Football! Football! Kick the scores! Up the boot! That’s right it’s that time of every two years when we all have to go football crazy (football mad) as another tournament appears on the international horizon to mock our cruel patriotic hopes. I for one hope Roy’s boys are up for the cup in Polkraine (never heard of it) and return to these shores without having disgraced themselves (either in sporting or a tabloid way). Also I hope nobody is racist and there are no massive punch-ups, which aren’t necessarily hopes I pin just on these few weeks. Football!
Best of the site
This week was foreshortened by all the Jubilee nonsense (more of which anon) but we still crammed in some sweet sweet content. Andy Brown’s before and after portraits of youngsters who’ve had teeth out are hugely affecting, while Gemma Tickle’s brilliant set design (giant Flump anyone?) and Stout/Kramer’s great graphic design skills sure floated our flotilla.
Best of best of the rest
We loved this first ever honest graphic design CV from the ever-marvellous McSweeneys, The New Yorker was among those to produce moving tributes marking Ray Bradbury’s passing and The Atlantic had a great insight into Esquire’s iconic Andy Warhol cover.
Best of the rest
Still not sure if this is ok but we still gawped at the artist who turned his dead cat into a helicopter, we were thrilled to learn that the amazing Tom Gauld now has a Tumblr for his Guardian cartoons (Short Story is a particular favourite) and someone finally sent us these amazing 8-bit Radiohead videos (about ruddy time!).
Tweet of the week
“Disappointed that the BBC completely ignored the fact that it’s also Queen Latifah’s jubilee this weekend. #shame”
Lots of Twitter jokes around the jubilee but Matthew Crosby genuinely made me guffaw.
Timesaver of the week
As impressive as the Jubilee river procession was, a lot of people complained that it just took too ruddy long. So thanks to the various filmmakers who used timelapse to its best purpose, condensing something long and boring into under two minutes. Like this…
Droll mockery of the week
While we’re on the Jubilee, Jon Stewart slating the CNN coverage is well worth a watch…
Venn diagram of the week
I inhabit an unlikely cultural crossover – I think The Wire is arguably the finest televison series ever produced and I love musicals. So when I heard about The Wire: The Musical!, I genuinely hoped it wasn’t a joke. It was, but a very good one. Look it’s Omar doing singing!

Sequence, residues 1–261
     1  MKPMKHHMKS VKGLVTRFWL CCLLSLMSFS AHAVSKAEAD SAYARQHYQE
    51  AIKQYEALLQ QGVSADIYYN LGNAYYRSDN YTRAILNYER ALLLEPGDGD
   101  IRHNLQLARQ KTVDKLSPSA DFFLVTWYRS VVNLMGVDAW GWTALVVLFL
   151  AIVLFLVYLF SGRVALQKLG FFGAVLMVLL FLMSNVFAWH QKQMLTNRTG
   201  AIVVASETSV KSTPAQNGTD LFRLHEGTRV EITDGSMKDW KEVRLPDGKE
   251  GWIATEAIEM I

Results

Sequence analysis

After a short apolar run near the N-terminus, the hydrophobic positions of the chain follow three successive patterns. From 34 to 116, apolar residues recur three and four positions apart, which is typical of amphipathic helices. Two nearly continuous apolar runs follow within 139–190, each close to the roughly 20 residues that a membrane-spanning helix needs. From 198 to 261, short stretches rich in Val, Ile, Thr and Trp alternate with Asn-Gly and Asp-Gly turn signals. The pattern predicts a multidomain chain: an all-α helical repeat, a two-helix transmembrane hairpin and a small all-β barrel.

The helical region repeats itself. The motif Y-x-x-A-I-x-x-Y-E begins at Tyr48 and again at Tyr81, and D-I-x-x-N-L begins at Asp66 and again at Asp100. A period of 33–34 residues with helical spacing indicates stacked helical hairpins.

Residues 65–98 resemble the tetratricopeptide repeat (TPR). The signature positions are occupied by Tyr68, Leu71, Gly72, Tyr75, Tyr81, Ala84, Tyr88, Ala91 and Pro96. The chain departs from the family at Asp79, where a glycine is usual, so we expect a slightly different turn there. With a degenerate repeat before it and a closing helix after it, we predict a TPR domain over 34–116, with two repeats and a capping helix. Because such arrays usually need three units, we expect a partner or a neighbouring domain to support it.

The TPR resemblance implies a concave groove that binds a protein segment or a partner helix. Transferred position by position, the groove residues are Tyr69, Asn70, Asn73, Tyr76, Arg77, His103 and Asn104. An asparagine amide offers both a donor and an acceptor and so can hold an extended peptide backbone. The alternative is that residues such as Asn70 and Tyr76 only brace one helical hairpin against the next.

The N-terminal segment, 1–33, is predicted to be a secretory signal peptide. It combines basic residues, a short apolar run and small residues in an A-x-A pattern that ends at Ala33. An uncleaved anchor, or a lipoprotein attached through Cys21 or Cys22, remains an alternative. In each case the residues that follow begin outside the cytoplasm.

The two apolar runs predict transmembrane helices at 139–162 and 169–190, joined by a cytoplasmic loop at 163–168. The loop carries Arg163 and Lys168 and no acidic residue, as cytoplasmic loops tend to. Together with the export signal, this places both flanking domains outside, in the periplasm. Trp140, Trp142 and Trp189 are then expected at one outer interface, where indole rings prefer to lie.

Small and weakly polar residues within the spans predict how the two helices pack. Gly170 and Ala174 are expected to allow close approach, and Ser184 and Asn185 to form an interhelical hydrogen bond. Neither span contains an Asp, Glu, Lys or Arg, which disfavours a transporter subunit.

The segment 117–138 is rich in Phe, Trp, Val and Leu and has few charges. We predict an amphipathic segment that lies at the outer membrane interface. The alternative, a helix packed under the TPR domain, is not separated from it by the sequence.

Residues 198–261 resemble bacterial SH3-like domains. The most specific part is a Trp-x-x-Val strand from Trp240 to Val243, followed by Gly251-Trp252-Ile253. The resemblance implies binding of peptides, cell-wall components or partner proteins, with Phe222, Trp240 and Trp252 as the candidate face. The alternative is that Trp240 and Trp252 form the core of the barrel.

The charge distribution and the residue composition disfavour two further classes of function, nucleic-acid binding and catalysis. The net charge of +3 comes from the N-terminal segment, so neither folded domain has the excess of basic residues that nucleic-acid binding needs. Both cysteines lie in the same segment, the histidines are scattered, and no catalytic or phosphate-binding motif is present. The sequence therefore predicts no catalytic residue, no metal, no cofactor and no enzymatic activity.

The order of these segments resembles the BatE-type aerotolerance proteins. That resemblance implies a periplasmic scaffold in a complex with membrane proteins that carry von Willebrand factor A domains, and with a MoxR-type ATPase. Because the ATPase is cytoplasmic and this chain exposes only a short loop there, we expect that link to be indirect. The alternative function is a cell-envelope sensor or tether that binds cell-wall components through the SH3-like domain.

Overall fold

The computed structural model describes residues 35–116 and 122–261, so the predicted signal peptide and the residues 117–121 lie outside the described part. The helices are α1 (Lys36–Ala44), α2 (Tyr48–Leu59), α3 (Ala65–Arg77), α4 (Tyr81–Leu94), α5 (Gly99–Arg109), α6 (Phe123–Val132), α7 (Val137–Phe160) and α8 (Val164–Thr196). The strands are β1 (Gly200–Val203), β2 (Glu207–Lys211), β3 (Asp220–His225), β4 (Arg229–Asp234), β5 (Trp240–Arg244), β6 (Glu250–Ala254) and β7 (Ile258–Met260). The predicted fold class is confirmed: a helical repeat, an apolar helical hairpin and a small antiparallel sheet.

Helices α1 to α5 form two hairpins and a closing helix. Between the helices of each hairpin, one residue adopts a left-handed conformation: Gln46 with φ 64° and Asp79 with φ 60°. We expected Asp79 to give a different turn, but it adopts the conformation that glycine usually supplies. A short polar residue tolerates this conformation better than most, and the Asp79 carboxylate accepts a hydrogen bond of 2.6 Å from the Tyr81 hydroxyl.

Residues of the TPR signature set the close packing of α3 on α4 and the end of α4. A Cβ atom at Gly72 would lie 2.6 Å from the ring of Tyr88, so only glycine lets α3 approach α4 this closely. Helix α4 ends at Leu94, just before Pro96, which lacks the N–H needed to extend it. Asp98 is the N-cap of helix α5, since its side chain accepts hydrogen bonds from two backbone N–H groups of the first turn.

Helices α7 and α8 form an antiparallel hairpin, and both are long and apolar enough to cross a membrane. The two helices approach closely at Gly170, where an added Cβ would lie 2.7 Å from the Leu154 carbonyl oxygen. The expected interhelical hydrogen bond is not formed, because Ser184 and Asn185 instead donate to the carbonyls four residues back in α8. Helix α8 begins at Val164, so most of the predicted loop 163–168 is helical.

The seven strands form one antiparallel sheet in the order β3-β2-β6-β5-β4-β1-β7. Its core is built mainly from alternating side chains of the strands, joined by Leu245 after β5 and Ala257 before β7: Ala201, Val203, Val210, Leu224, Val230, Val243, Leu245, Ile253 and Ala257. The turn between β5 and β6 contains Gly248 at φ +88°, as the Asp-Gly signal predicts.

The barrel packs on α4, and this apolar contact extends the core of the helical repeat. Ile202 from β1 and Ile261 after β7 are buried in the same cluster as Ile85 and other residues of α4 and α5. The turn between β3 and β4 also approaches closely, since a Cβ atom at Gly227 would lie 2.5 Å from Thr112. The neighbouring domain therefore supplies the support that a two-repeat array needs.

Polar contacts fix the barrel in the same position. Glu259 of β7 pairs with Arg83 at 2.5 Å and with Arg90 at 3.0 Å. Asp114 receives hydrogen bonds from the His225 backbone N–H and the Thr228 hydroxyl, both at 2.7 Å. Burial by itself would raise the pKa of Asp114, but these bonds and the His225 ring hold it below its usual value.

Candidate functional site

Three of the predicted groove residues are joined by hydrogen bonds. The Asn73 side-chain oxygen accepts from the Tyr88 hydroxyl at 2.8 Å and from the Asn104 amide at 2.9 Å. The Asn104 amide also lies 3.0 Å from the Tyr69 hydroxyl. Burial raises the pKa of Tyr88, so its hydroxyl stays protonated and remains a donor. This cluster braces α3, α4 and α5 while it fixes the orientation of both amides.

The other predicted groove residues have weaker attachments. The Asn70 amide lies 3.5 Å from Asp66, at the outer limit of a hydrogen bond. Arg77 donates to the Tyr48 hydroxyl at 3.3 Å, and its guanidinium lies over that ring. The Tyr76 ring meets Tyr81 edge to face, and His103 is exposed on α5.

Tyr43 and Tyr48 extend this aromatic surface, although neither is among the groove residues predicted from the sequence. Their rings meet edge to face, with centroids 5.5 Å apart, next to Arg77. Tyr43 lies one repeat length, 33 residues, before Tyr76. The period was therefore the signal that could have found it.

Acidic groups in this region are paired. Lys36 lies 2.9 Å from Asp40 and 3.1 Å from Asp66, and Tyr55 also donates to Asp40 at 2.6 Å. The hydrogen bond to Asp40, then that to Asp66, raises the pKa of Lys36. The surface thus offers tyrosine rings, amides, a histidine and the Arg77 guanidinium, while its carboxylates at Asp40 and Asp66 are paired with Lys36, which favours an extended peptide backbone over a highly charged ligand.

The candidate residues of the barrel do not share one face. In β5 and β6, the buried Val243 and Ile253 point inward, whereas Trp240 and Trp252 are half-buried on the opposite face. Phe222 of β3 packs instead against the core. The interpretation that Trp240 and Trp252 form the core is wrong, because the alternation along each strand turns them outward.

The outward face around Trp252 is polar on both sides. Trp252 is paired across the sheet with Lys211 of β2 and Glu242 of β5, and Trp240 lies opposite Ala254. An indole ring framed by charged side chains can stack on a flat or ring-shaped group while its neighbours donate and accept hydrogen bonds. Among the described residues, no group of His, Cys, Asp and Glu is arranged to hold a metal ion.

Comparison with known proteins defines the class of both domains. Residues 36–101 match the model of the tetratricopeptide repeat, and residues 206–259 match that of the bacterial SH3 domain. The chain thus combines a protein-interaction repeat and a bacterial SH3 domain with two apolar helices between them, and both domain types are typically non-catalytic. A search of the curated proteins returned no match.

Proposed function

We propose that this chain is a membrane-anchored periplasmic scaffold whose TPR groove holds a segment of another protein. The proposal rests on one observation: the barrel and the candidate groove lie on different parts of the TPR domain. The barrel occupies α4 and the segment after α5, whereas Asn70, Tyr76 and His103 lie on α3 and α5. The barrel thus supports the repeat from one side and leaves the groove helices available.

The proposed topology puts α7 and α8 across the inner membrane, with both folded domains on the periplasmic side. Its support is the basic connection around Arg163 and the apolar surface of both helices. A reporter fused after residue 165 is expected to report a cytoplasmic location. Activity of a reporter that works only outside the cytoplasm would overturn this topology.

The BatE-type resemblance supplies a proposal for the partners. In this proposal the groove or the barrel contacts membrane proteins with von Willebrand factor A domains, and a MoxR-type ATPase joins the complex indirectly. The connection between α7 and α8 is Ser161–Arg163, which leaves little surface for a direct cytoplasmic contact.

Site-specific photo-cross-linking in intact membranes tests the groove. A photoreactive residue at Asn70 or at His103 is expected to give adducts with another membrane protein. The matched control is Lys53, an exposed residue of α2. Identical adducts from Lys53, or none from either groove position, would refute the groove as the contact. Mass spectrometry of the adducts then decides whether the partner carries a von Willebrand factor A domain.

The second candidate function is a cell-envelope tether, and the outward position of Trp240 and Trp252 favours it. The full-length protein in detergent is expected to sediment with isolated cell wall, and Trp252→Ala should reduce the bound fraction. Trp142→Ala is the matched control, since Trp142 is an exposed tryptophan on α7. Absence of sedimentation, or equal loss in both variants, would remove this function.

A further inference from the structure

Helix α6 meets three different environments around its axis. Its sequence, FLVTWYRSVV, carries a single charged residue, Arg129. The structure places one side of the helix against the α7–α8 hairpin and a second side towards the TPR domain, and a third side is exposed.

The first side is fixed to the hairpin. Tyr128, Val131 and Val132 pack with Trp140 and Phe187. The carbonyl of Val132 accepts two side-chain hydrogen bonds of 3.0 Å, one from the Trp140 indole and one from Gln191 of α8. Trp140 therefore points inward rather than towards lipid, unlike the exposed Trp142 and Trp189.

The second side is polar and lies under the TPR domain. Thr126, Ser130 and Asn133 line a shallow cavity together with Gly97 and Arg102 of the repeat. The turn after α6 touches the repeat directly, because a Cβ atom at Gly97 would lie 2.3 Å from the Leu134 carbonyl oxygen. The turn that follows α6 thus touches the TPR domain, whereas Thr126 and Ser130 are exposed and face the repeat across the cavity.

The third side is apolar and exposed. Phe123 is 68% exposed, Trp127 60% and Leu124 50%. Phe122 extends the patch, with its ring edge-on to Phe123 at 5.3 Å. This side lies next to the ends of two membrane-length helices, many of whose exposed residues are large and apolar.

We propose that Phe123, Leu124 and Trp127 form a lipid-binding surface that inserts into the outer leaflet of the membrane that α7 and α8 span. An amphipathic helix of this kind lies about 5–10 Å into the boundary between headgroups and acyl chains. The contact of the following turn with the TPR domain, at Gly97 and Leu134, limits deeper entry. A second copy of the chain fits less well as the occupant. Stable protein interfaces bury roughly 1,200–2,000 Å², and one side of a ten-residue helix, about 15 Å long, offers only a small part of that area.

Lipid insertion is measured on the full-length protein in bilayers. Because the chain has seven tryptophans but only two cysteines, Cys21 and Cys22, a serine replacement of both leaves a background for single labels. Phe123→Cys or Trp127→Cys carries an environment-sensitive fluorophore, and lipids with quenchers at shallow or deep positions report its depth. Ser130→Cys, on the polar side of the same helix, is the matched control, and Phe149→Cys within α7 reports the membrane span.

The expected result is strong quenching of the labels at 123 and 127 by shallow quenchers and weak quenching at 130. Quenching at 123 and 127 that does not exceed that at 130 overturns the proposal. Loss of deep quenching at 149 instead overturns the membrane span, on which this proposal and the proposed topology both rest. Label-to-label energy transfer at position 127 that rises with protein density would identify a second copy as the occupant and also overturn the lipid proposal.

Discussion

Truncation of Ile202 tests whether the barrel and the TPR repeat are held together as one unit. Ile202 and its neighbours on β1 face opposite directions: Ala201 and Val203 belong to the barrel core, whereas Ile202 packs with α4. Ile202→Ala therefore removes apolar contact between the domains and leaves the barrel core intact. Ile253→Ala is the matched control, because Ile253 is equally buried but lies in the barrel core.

Satisfying cartoon-based revelations of the week
Yes it’s deliberate but it’s still great to find out how much cartoon characters often look like the actors who voice them……
Venn diagram of the week (2)
Audrey: “Darling I’m worried about you. We used to never spend a night in and now there’s nothing that excites you. Not the theatre, not the symphony orchestra not even the newest fine dining experience. What’s happened to us?”
Melvin: “You know my feelings Audrey. Not until someone combines my pasisons for wrestling and accordian will I again stir from this, my favourite chair…”
(Audrey is flciking through the latest Barbican brochure)
Audrey: Darling! You won’t… (her voice trembles) …you won’t believe this. I have found just the thing!
Melvin: (Looks at the brochure) Call a taxi at once. And fetch me some trousers!
- Tim Lahan is the new Mystic Meg with horoscope illustrations for Elle Magazine
- Musical instruments with a modernist aesthetic by Hundo
- Former Buzzcocks drummer John Maher exhibits his photography work in Nobody's Home
- Monument Valley creator ustwo gives us a peak at its bookshelf
- Non-Verbal Club explores connections and ideas for new URSA identity
- Experimental and expressive independent magazines from 1914 - 2016
- Benedict Redgrove’s beautifully hypnotic film about how a tennis ball is created
- Tommy Cash subverts the tropes of rap videos with a fleshy celebration of the human body (NSFW)
- Ian Davis’ picturesque paintings of bureaucratic dystopia
- Is it ever OK to work for free?
- Pentagram unveils refresh of Mastercard’s brand mark and identity
- Peter Saville and Tate Design Studio create beer can artwork for Switch House pale ale